Electronic pet containment is a dog-training system that that uses a small electric charge to keep your dog in the yard. A transmitter plugs into a standard outlet and emits a signal that travels along underground wires. A hidden boundary is created, and a receiver on your dog’s collar sounds a warning tone when the dog wanders near the boundary.
If the dog doesn’t back away, the receiver will respond with a mild but definite static correction. It’s harmless but just uncomfortable enough to make the dog learn the new customized boundaries and remain in the safe part of the yard.
No one can see the boundaries you’ve set up, but your dog knows they’re there. You can use these systems to create boundaries your dog can’t jump over or dig under. They’re sometimes used to keep dogs out of flower beds and swimming pools as well confining them to their own yards.
The charge your dog will feel from the receiver on its collar is slightly stronger than that the shock you get from static electricity. It’s designed to get your dog’s attention, not to hurt it. And after it’s trained, your dog will respond to the audio signal and rarely experience the shock.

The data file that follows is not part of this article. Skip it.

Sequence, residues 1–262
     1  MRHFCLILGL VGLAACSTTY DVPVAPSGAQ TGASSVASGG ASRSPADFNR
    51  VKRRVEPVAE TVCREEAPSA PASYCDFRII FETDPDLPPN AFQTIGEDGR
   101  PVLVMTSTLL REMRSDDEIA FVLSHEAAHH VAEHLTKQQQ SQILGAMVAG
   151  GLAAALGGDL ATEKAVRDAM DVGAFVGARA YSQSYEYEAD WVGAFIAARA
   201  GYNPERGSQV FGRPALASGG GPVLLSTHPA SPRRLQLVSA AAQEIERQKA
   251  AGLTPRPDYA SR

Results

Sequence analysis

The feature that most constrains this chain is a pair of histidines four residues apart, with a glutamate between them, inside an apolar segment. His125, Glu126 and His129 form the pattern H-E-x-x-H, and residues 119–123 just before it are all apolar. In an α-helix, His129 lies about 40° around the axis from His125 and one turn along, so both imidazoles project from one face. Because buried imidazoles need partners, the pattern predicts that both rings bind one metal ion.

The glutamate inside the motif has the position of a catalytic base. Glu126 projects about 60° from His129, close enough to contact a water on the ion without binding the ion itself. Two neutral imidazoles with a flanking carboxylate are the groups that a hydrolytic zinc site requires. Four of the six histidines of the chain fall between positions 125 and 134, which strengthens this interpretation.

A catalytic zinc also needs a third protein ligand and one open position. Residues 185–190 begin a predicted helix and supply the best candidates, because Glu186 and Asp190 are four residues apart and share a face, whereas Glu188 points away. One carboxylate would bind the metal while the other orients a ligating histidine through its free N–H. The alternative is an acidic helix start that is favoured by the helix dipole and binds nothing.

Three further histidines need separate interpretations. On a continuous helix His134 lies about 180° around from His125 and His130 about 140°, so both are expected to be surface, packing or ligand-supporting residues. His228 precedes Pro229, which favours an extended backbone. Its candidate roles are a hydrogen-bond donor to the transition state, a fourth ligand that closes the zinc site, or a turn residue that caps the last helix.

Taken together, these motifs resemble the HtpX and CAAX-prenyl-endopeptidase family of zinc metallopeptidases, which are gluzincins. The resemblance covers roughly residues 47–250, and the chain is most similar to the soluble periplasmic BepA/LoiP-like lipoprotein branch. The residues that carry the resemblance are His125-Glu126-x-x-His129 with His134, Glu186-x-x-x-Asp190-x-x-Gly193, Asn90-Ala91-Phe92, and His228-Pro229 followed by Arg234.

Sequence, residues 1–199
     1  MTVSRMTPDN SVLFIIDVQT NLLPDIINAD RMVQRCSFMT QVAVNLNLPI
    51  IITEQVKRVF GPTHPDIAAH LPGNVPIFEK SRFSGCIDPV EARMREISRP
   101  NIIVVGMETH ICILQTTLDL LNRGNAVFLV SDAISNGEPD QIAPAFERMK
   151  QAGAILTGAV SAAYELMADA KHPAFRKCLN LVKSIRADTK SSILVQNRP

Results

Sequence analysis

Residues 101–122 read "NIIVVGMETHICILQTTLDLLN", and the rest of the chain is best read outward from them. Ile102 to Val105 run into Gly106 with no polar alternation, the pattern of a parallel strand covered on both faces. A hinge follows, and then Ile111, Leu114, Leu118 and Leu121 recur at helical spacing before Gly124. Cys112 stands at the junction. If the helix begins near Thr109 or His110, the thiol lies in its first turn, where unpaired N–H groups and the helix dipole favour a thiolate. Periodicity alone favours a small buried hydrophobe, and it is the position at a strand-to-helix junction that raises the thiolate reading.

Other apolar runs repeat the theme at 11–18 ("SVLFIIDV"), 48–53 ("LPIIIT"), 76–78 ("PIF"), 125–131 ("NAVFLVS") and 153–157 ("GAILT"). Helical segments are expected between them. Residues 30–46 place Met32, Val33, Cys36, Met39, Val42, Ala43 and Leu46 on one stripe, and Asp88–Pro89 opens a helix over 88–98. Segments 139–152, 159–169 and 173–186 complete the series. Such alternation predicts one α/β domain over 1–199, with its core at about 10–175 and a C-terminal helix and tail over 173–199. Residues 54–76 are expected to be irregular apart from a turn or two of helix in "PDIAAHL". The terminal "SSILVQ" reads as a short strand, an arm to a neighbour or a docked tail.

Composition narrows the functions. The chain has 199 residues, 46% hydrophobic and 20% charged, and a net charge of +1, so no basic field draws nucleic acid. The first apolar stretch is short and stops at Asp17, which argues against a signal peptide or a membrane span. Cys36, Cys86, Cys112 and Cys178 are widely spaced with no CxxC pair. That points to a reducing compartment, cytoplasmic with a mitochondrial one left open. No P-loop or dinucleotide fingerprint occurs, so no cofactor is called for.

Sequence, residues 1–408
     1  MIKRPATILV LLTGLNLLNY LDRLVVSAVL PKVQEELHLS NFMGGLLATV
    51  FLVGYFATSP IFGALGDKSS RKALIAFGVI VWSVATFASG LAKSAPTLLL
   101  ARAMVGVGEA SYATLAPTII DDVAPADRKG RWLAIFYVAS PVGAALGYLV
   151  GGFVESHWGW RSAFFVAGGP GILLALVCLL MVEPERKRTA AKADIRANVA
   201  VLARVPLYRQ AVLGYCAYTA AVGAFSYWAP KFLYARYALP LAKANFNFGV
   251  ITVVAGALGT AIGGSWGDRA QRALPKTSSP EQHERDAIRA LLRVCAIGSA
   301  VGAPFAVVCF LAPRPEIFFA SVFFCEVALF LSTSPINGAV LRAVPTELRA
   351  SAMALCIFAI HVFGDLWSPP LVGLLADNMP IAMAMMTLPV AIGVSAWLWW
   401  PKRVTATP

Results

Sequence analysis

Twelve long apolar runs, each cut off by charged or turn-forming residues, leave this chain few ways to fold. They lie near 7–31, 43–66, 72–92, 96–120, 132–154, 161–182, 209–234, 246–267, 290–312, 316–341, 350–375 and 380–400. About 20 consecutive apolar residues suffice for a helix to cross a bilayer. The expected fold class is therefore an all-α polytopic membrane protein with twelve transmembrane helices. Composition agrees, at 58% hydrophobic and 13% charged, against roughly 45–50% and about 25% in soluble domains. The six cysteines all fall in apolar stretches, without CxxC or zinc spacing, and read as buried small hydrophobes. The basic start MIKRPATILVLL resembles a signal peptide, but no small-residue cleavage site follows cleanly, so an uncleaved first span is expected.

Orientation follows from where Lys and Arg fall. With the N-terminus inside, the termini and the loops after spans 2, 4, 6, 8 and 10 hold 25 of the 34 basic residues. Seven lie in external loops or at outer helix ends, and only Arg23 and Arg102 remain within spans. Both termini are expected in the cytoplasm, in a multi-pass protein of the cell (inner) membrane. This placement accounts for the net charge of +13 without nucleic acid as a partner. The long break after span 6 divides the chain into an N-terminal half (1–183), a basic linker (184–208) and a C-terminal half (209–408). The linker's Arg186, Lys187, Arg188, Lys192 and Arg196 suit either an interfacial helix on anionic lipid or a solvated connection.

Electronic containment isn’t recommended for guard dogs, vicious dogs or dogs with health problems. It’s a good solution if you’re willing to install the wires that form the system’s boundaries, and invest the time necessary to train your dog. Consult your veterinarian if you have any questions about the suitability of one of these systems for your pet.
Electronic containment systems aren’t guaranteed to work for every dog. Some dogs may simply refuse to respond to the signals from the transmitter. An aggressive dog might be willing to accept the shock if it already determined to leave the yard. Some systems have come up with solutions to the stubborn dog problem. There are special collars with stronger corrections and others that emit the corrective shock or spray citronella in front of the dog’s face to keep it in place.